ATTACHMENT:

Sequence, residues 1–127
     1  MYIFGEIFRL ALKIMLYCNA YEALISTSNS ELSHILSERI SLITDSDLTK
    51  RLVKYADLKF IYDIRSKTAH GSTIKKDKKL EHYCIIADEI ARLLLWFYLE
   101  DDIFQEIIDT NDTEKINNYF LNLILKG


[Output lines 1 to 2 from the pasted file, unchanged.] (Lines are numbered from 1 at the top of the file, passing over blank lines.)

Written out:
Sequence, residues 1–127
     1  MYIFGEIFRL ALKIMLYCNA YEALISTSNS ELSHILSERI SLITDSDLTK